There are a lot of good resources on the web, the local textbook (links on top of this page) has a pretty good section on transistors, but nothing beats experience and experimentation.
     
  14. SgtWookie

    Expert

    Jul 17, 2007
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    Well, to drive a 100mA load, the base of Q2 needs about 10mA current.
    R4 will pass about 6mA current. That means Q1's base needs at least 1.6mA current.

    I went for a bit of overkill; about 2.6mA. [eta] I knew that some overkill would be necessary, as Q2 would need a pull-up resistor for cutoff.

    Vbe of Q1 figured around 0.7, 3.3 Vcc, so (3.3-0.7)/2.6mA = 1k for the base current limiting resistor.

    R4 had to be fairly low to turn off Q2 quickly. I just started with the 100 Ohms, and adjusted it a bit after looking at the simulation.

    Your mileage may vary, but it's a good starting point.
     
    Last edited: Nov 26, 2009
  15. Ron H

    AAC Fanatic!

    Apr 14, 2005
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    There are MOSFETs available with Rds(on)=0.05Ω with Vgs as low as 1.5V.
     
  16. Wendy

    Moderator

    Mar 24, 2008
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    Thanks Ron, didn't know that.
     
  17. rogerthatpsr

    Thread Starter Member

    Aug 22, 2006
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    i use orcad capture to draw schematics... but is there any simple n very user friendly simulation software to analyze voltages n currents at different parts of circuit, so that i can understand them better....

    and some books from the starting pg deal with derivations n formulas.. in some transistor books u turn pages n it'll be full of maths.....i'll be like " oh my god " !!:) do v have to remember all those derivations or should v be in a position to derive all that at any given time from the scratch ?? or is it ok if v no the basic concepts n how it works ??? i'm really confused......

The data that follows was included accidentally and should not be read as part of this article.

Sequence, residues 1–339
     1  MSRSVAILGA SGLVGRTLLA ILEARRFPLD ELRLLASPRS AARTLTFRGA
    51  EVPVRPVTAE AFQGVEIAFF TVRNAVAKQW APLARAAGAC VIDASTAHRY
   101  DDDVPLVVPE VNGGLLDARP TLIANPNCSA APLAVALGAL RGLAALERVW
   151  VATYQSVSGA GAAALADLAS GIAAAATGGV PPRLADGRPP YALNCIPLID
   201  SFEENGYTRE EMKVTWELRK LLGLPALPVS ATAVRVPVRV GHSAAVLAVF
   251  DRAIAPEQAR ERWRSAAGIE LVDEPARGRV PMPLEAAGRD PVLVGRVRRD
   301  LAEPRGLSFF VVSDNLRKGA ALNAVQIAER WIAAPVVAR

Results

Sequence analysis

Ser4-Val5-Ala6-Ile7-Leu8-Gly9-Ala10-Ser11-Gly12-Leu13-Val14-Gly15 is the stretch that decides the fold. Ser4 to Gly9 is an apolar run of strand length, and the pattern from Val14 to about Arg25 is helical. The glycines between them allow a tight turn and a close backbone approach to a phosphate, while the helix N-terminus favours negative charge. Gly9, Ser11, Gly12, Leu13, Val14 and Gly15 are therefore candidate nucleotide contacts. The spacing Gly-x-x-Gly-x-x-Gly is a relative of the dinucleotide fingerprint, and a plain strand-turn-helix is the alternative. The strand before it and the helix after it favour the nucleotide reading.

18. Wendy

    Moderator

    Mar 24, 2008
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    Yep, math is a part of electronics. You must understand Ohm's Law, to know what voltages and currents to expect. Other than that it isn't so bad, start with the job you're wanting to do, then look for configurations on how to do it.

    If you have a specific project this group will help, just post what you're wanting to do.
     
  19. SgtWookie

    Expert

    Jul 17, 2007
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    Well, there are quite a number of SPICE simulation packages out there. Orcad has SPICE built-in. I haven't used it, but it's my understanding that Orcad is one of the better packages.

    The problem with simulating in one software package, and then transferring it to Orcad, is that you'll wind up doing everything twice. In a small circuit consisting of just a few components, that's not a really big deal. However, small circuits tend to grow pretty quickly.

    Then there's always a chance that you'll make a mistake or typographical error while entering the schematic back into Orcad, and you'll wind up having a non-functional circuit.

    Well, you really do need to know at least the basics. Our online E-books can help you a great deal with that.

    Also, getting something to work in a SPICE simulation isn't an absolute guarantee that it will work the same way using real components. The simulation will help you narrow in on a workable solution, but you really have to build it to verify that your SPICE model was a good one.